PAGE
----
Cast your mind back to the beginning of 2020. As January passed into February, news of a global pandemic began filling nightly TV bulletins and thickening column inches on websites and newspapers. By the time its invasive tendrils had ground the world to a lockdown halt, exponential demand had grown for puzzles, homemade sourdough recipes to showcase on social media platforms, and the humble bicycle.

Yes, a reluctance to use public transport and the desire to get some exercise when the nation’s gyms pulled down the shutters pushed many towards the purchase of a bike. This resulted in a shortage that stretched right across the planet. New bicycles, like toilet paper, had become a rare and coveted commodity.

That surge in interest wasn’t just reserved for traditional bikes. Even before the pandemic, electric bicycles were enjoying a continual upward trend in popularity, with the industry worth over $US15 billion in 2019. And that has only increased over the last 18 months in the frenetic clamour for anything with two wheels. However, the electric bike (e-bike) isn’t the new kid on the block. Commercial models first started appearing in the late ‘90s, but cost and performance were major inhibitors.

Affordable lithium batteries and better performing high torque motors led to cheaper production costs, paving the way for greater accessibility.

If you’ve spent any time in a major city in Australia lately, you would’ve noticed a significant uplift in the number of food delivery drivers and couriers using e-bikes to navigate the busy streets. All around the world, e-bikes form ride-share schemes and in Germany, posties use them on their rounds. Several counties in the UK have even kitted out the local police force with e-bikes after successful trials. European countries are well ahead of the game when it comes to accommodating bicycles and designing bespoke infrastructures to cater for them, but Australia is starting to identify the potential; Melbourne, for example, has made significant strides over the last decade to integrate bike lanes and trails into the city. E-bikes are certainly on the rise.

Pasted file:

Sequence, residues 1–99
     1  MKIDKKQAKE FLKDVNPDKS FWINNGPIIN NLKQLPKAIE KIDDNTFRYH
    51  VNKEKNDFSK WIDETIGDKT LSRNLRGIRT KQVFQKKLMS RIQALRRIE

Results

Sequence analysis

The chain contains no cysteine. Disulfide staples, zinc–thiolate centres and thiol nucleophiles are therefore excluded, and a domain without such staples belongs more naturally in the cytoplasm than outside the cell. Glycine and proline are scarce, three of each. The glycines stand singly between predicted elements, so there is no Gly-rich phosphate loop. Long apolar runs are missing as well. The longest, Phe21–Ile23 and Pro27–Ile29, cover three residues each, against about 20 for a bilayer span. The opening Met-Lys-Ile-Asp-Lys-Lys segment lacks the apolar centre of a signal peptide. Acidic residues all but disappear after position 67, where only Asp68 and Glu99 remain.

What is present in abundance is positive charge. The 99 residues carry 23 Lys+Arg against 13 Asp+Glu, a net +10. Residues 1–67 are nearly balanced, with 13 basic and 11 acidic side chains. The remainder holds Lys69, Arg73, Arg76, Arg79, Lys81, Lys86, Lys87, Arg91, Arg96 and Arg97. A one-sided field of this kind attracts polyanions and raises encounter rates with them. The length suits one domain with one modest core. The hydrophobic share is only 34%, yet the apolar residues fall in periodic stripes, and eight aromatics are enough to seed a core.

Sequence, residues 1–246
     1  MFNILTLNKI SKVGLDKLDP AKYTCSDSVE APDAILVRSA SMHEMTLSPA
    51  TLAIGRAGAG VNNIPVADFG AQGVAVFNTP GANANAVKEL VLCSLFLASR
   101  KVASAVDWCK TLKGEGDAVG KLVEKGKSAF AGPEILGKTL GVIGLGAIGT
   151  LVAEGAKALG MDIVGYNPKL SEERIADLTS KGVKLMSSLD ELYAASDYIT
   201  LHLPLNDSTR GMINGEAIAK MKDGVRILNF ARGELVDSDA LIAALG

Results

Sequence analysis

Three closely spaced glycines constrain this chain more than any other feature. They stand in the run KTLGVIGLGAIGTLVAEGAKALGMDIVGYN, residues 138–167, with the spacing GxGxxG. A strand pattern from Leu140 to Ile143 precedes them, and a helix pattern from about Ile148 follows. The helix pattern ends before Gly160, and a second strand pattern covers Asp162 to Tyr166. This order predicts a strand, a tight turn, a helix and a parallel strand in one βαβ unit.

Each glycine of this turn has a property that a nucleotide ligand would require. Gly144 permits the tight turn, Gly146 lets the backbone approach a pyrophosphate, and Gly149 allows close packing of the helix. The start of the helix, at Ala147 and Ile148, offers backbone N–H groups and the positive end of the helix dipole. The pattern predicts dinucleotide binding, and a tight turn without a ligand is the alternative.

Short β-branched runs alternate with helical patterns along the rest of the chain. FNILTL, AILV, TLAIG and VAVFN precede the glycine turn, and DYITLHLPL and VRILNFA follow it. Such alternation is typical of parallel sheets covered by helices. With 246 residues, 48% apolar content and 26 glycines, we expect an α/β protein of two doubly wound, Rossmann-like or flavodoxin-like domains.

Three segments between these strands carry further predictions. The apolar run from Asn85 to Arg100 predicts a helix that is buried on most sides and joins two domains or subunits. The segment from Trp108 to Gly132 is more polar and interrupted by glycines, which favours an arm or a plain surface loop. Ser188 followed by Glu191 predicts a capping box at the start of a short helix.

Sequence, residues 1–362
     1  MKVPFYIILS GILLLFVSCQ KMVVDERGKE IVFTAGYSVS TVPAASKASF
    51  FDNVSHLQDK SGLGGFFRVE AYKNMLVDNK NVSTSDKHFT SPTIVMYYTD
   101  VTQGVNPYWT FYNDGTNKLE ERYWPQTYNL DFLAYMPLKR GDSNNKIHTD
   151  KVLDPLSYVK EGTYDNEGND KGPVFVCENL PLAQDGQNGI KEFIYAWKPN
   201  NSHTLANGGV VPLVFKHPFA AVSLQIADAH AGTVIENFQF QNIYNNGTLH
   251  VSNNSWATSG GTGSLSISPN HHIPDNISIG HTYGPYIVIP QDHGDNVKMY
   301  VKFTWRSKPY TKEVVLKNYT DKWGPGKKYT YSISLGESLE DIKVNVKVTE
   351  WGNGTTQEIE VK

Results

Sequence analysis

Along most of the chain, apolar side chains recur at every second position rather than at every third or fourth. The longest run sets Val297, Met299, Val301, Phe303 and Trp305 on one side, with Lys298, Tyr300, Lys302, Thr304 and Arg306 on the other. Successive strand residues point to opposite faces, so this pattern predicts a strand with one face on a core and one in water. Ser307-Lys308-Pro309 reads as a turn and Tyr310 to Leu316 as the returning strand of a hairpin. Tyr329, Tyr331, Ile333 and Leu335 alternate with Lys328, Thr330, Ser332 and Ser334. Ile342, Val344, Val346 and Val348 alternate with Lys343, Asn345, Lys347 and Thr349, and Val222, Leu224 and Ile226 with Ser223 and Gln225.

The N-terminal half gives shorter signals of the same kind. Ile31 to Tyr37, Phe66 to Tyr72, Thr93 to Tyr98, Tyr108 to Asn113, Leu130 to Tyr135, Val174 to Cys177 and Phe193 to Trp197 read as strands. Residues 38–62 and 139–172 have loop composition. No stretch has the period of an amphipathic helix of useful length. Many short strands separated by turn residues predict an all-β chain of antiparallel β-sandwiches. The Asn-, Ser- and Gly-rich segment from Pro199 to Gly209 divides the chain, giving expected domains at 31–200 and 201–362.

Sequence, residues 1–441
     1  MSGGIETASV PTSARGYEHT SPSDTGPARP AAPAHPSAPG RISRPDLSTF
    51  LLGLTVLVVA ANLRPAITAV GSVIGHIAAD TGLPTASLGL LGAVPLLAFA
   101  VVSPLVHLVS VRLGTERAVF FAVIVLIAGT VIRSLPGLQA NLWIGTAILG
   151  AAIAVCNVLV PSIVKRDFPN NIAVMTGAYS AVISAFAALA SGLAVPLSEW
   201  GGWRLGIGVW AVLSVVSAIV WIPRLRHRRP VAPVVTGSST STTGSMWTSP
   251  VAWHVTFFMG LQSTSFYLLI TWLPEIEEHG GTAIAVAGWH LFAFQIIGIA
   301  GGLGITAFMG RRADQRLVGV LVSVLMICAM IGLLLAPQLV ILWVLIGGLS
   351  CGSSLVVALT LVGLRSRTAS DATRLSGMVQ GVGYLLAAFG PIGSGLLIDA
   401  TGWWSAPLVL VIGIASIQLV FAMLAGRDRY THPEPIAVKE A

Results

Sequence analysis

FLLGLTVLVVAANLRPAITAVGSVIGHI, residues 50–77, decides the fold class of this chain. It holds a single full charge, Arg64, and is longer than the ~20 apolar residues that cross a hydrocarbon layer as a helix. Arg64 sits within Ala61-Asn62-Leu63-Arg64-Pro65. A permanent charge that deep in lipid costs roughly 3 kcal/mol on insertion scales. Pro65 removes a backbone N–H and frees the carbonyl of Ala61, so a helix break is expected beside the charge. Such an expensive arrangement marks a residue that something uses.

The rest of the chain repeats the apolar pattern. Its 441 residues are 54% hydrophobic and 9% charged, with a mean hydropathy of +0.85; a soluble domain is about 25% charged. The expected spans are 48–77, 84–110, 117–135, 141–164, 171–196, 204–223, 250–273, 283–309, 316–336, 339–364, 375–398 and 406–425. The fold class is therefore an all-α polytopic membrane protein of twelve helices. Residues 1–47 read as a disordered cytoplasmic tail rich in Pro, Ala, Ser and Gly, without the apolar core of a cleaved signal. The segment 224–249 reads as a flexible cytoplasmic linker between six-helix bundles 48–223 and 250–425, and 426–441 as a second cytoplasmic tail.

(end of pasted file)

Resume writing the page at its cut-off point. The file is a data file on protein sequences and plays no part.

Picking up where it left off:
Why are they becoming more popular? There are many reasons, so let’s break them down.

Cheap to run
We might as well start here. Outside of the initial cost, occasional maintenance, and the price of charging the battery, an e-bike is a much cheaper alternative to owning a car or using public transport. When you weigh up what a vehicle costs to buy and run against that of an e-bike, it’s a no-brainer.

E-bikes combine electricity with human power, providing a more sustainable option for the environment when compared to fossil-fuelled vehicles. If you live in or near a city, you can avoid short trips or work commutes using cars on heavily congested roads by swapping to an e-bike, significantly reducing greenhouse emissions and your carbon footprint. Residences with solar power make e-bikes 100 per cent environmentally friendly.

Most e-bikes are splash/rainproof but they are not waterproof, so avoid situations where the motor or battery may become submerged. And it’s certainly not advisable to leave your e-bike exposed to the elements for long periods of time. Always check the manufacturer’s recommendations.